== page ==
Many people believe that Halloween has its roots in a Celtic religious festival. Its name however, originates from English as it is a distortion of All Hallow Even, which literally means “the evening of all hallowed saints”, or the eve of the Christian festival, All Saints’ Day.
In the old days, this festival was symbolized by a carved turnip containing a candle to commemorate the legend of Jack-o’-lantern, who was condemned to wander eternally in darkness between hell and heaven with only a candle inside a turnip, to light his way.
British Catholic immigrants brought Halloween to North America, and in time, the turnip was replaced by a pumpkin, as it is much larger and therefore much easier to carve.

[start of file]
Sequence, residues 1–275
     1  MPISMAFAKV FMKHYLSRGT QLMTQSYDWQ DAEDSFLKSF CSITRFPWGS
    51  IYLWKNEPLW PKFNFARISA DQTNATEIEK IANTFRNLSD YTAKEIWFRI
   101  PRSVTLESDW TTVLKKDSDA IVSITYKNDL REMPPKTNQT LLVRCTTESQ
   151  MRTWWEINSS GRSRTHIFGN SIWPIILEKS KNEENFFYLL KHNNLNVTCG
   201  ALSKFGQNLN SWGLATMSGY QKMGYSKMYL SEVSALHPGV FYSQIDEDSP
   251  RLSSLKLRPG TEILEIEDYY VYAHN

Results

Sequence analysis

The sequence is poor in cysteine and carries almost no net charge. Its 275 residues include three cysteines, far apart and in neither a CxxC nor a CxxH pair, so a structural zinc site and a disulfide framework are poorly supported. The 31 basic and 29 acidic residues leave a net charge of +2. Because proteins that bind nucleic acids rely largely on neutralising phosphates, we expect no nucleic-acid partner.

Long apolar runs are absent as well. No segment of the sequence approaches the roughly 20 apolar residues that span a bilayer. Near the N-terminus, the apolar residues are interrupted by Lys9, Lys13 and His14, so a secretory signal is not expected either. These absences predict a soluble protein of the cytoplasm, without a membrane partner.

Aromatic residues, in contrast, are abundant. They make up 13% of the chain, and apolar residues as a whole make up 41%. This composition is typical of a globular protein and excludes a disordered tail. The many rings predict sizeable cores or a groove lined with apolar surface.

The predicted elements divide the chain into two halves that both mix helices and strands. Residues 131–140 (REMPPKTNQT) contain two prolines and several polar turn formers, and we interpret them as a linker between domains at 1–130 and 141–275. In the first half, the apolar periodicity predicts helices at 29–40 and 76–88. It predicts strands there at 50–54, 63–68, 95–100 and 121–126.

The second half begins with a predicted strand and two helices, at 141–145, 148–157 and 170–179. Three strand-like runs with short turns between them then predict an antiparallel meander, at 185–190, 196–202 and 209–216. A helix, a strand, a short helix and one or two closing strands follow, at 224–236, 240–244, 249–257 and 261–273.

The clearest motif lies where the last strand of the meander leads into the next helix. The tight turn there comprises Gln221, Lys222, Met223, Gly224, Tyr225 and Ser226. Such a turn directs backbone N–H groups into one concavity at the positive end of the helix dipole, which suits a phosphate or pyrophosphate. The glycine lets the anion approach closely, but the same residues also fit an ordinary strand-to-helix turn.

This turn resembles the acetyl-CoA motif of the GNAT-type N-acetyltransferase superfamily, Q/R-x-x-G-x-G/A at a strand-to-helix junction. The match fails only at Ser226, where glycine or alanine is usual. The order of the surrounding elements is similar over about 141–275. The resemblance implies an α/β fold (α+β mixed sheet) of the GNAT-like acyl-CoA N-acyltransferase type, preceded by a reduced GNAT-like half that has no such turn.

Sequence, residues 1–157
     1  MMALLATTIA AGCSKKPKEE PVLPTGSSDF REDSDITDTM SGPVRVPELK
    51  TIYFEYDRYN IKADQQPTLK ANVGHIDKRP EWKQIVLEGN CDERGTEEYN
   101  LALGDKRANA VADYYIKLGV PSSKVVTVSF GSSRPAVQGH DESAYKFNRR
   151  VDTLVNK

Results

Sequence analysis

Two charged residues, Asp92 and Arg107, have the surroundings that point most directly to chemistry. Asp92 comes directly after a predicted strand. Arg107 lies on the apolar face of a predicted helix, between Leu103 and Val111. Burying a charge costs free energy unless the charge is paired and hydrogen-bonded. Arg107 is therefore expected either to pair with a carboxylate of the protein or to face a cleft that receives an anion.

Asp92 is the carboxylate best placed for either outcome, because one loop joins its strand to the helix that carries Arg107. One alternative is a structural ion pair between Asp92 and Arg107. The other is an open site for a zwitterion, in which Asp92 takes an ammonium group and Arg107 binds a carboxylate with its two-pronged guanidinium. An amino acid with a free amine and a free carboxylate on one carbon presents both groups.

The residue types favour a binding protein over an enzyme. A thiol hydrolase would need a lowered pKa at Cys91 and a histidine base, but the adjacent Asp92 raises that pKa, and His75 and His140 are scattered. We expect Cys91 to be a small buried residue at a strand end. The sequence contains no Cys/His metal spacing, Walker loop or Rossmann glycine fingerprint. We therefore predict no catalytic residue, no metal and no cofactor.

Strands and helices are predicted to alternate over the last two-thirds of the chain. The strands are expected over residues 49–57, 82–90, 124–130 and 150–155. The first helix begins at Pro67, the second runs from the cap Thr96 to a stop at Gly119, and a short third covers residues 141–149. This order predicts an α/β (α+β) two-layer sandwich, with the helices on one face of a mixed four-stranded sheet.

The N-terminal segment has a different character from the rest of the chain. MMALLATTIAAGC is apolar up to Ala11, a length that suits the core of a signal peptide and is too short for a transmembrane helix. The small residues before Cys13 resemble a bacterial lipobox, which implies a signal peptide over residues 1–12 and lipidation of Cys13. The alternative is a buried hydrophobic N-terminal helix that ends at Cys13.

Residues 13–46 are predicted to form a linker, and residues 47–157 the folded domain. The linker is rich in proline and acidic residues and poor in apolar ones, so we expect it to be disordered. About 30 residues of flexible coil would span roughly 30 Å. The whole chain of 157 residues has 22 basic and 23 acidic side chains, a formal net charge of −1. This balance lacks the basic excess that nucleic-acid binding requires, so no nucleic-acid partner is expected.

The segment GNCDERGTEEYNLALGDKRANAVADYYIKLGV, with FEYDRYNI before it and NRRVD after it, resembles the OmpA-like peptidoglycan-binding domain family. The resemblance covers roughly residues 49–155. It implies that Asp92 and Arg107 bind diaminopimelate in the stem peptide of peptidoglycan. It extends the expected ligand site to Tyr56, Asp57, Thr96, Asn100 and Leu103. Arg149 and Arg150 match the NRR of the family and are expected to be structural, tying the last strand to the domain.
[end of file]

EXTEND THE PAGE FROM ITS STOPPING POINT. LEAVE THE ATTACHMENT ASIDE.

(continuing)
But apart from being carved at Halloween, pumpkins have other uses too. Instead of throwing away the pulp when you’re cleaning it out, I advise you to cook it in the microwave oven and make a tasty risotto, like our recipe for Pumpkin Risotto.
P.S. Beware of witches this evening! Happy Halloween!
Originally published in the Journal de Montréal on October 31, 2009.
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